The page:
Who can identify with the plight and pain of sex workers today, or even the pain in Rahab’s heart?

SCENE 2 (V.9-13)
What do you notice about Rahab’s heart? I think this scene identifies the most powerful motive for her to cover for the spies. She is convinced of the supremacy of Israel’s God. Note v.11b. She wants to be on the winning team. How do you think the spies felt when they heard how God had obviously entered Jericho before they did? God was at work behind the wall, in an unknown place. For me this is an amazing verse, demonstrating the incredible grace of God and the mysterious ways of God. We may, at times, wrestle with God’s harsh judgment in the OT, but a text like this reminds me of God’s big heart for lost people.

Ever been surprised to see where God is working? Got any walls you wish He would penetrate?

SCENE 3 (V.14-24)
Read to the end. Comments?
Back to our question, Why is it that we might feel that what God is calling us to do is so epic-like? This story provides some answers. Our faithful God asks us to walk by faith. That walk of faith at times will.......

Move us into the unknown
Think about the spies. Imagine them in Shittim being told by Joshua to go spy on Jericho. At this point in the story, what is unknown to them? Finish this sentence, “They have no idea that...” Scan the story for your answers.

Think of Rahab. Perhaps the greatest unknown is whether she can actually trust these men. Who else had she let down from her window, late at night so no one could see? Not just spies but perhaps husbands, fathers, politicians, businessmen who had come to her for sexual service. Men that she had learned not to trust, men who had willingly lied to others about their sexual escapades with a prostitute living on the wall, men who had stared their wives in the face and denied unfaithfulness, men who had said one thing in private but something completely different in public. MEN! And now she was betting the farm on these two men that they would be men of their word, men of honour, men she could trust would keep their promise, and when they saw that scarlet cord, would show grace.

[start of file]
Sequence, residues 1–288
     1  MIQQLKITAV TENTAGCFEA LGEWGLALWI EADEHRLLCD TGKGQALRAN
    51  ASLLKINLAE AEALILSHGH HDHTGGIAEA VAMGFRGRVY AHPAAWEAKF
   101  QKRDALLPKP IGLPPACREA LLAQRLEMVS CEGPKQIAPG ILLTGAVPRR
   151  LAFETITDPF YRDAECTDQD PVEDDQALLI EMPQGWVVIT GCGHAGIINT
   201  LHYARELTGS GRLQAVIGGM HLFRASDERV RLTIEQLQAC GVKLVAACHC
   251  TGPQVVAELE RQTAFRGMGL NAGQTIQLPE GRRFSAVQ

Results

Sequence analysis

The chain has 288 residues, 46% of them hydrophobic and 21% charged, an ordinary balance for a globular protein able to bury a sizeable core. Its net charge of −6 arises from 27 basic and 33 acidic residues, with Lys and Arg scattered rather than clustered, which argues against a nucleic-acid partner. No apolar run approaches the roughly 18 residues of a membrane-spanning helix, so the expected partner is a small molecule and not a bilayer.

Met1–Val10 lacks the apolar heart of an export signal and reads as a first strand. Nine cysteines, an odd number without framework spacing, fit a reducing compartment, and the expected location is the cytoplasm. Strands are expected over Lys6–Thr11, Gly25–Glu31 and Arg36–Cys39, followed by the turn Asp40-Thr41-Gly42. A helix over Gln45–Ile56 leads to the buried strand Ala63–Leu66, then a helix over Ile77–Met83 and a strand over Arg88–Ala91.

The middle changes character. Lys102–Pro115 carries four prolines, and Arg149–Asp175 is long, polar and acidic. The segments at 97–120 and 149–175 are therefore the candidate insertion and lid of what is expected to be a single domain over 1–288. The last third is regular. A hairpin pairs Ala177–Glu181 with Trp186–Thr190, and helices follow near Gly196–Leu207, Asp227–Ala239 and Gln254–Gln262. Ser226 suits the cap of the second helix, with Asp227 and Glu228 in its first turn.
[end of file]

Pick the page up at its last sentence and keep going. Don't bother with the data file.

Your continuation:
When God calls us, and leads us as Christians, sometimes that calling will make us face up with some of our greatest challenges like trust, fear, vulnerability, risk, and maybe trusting the opposite sex. God sometimes calls us to move from the known to the unknown. What we have is the promise of God, but beyond that we have no idea how things will unfold. Ever been there? That is exactly where the spies and Rahab are.

Secondly, the walk of faith at times will...

... Call us to break with the past
Again Rahab and the spies have this in common: the spies come from a nation that, at one time, was characterized by collective stubbornness and unbelief. Read Num. 13:1-14:4. In this story we see how popular opinion sided with the pessimist, not the promises of YHWH. Perhaps this is why in v.1 Joshua commissions the spies in secrecy, not wanting to repeat the mistakes of the past. He is not interested in what the nation thinks. To be obedient to the voice of God, they are going to have to break free from a decision that had crippled their nation for the past 40 years. It would be fair to say that Israel was in rut. A rut has been defined as “nothing but a grave with both ends kicked out.” Instead of fear, they would need faith, instead of intimidation, courage, instead of human logic, trust in God’s capabilities. For some of us to take that “next step” with God, we have to break free from patterns, and a history that has shaped us

Now look at Rahab: any evidence that she broke free? Read Hebrews 11:31 and Matthew 1:1-5. What evidence is there that she got out of the rut?

Graves (ruts) have all kinds of labels. Can you think of any labels?
How has God delivered you? What do you need deliverance from ?

Finally note the imagery of the scarlet chord, symbolic of a place of grace, faith and hope. Take some time to thank God for His grace in our lives as He calls us to Himself to walk this walk of faith.